Meet the new religious right, same as the old religious right. Kinda sorta. Coral Ridge Ministries, a longtime player in the mission to Christianize (or, as they might put it, re-Christianize) America, is beating a new political drum. Its message is custom-tailored not to the Gospels, but to the alleged political mood of the US in these times. The argument: Socialism is ungodly. Barack Hussein Obama is a socialist. In fact, all Democrats are socialists. And Democrats run the government. Ergo, our government is ungodly.
So what do you do when you’re in possession of this ultimate truth and want to share it? Make a star-studded “documentary” titled “SOCIALISM: A CLEAR AND PRESENT DANGER…A Biblical Response.” And this video’s headliners are clearly the best judges of capitalism’s holiness; it stars: Michelle Bachmann! Steve Forbes! David Horowitz! Chuck Colson! Some blonde lady from Concerned Women for America! The founder of WorldNetDaily! Some dude who defected from the Chinese national basketball team! Plus, a quick-cut montage combining a bunch of angry rioting brown people, Fidel Castro, Hugo Chavez, and Barack Hussein Obama!
Have a gander:
While that may not sound like a new meme to regular MoJo readers—or students of US Christian politics—its stridency and bald illogic (Jesus? A fan of wealth and an enemy of taxation? Have you not read Mark or Luke?) are new hat for the Ft. Lauderdale, Florida-based Coral Ridge Ministries (CRM)—which was set up in the ’70s by a granddaddy of the religious right and a fairly rigorous Presbyterian theologian, Dr. D. James Kennedy. (Full disclosure: Until his recent death, Kennedy was a pastor and friend to my wife’s family, all of whose members struggled in some way to square his friendship and Gospel message with his vengeful, firebrand political proselytzing.)
The Obama=Big Government Takeovers=Socialism=Communism=Stalin claptrap is no short-term ploy for media attention, either: CRM’s busy-bee writer-in-residence has opened a second front in this struggle against sound arguments, releasing two lightly researched and atrociously written books, RADICAL RULERS: The White House Elites Who Are Pushing America Toward Socialism and 10 Truths About Socialism (which states, “Socialism has failed wherever it has been tried,” then informs the reader with an asterisk that “the term ‘socialism’ is used interchangeably with ‘communism’ throughout this book”).
The mental gymnastics involved in believing these “truths” are truly Olympian. And they often make for strange bedfellows, as when a CRM minister explains in a short video that Glenn Beck, an unsaved Mormon, is right on the mark on the subject of theology and politics:
The phrase ‘social justice,’ as Beck accurately explained, is usually code for the view held by Karl Marx and socialists everywhere that inequalities of wealth are a wrong to be righted by force. It makes equality of results, not equality of opportunity, the ultimate goal. It’s also, frankly, loaded up with envy, a decidedly un-Christian attitude…Because socialism is unbiblical, churches that get derailed by Marxist ideas also historically abandon the supernatural gospel of salvation by faith in short order. Though Beck is a Mormon and not a biblical Christian, he’s right about one thing: You should flee from such a church.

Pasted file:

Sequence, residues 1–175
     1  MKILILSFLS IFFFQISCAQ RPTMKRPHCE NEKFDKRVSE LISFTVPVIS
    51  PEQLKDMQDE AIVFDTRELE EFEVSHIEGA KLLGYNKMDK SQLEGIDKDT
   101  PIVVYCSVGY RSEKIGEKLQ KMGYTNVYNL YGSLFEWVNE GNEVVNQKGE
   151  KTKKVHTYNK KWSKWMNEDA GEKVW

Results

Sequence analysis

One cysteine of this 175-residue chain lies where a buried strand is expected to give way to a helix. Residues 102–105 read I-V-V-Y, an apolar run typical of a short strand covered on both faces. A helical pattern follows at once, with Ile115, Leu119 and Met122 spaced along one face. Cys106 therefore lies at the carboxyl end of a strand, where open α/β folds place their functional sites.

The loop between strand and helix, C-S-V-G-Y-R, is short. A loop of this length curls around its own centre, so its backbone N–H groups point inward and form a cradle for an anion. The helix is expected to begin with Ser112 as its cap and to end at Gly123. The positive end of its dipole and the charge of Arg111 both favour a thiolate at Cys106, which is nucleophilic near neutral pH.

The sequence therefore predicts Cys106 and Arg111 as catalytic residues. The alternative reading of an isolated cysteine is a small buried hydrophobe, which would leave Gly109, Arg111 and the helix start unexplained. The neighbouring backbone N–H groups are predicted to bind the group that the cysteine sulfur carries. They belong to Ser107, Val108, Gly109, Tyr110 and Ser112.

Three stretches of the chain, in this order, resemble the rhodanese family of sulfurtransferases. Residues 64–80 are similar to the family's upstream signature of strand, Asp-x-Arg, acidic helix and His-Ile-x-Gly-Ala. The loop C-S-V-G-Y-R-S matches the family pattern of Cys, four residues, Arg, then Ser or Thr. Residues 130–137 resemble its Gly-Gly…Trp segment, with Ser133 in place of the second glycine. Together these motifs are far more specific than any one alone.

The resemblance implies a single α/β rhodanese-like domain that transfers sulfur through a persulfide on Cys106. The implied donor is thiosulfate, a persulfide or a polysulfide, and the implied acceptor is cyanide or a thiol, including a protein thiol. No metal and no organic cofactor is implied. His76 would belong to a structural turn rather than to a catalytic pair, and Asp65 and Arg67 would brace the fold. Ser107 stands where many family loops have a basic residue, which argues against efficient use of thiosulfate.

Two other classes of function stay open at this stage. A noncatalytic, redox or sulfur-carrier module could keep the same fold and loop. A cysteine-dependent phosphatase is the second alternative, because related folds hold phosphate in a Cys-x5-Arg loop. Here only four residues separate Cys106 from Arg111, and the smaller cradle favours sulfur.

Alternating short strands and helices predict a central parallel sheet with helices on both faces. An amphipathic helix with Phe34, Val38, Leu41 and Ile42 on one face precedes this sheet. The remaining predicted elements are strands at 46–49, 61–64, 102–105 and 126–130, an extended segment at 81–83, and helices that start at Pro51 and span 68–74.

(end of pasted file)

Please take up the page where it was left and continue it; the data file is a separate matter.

So, why’s all this bosh and nonsense coming from a ministry that was founded by Kennedy, an intellectually capable Calvinist with a PhD from NYU—who once remarked, “Evangelical ministers [need] to be thoroughly educated and equipped to meet on equal terms anyone with whom they come in contact”?
He’s a fascinating study as evangelical firebrands go: A sinfully boastful man whose pride found harbor in a shrill right-leaning media empire. But my discussions with many of his former parishioners indicate that this was largely a stage persona, somewhat at odds with his theology, entirely tailored for its appeal to the unsaved masses. It worked in the 1970s and ’80s, when the Christian Coalition rose; it worked in the ’90s, when Republicans revolted and multiculturalism and “special rights” were attacked. And it’s certain to work now with Tea Partiers and racists, who won’t help but be warmed in the cockles of their hearts by that documentary’s opening Obama montage.
The founding fathers of the Christian right’s media age are dying: men like Kennedy and Falwell and Roberts and Swaggart, who, for all their obnoxiousness, hypocrisy, and human fallibility, recognized that the TV pastor’s role was as much entertainer as intoner. But who is replacing them? If CRM’s video and print onslaught are a true indication, the religious conservative media elite is being supplanted by faithful disciples of little mind, who don’t recognize the difference between the sideshow and the truth; for them, the sideshow is the truth. The theology, so far as it exists, is political anger. One wonders how this carbon copy of faith, standing in for faith itself, can be good for any soul—saved or otherwise.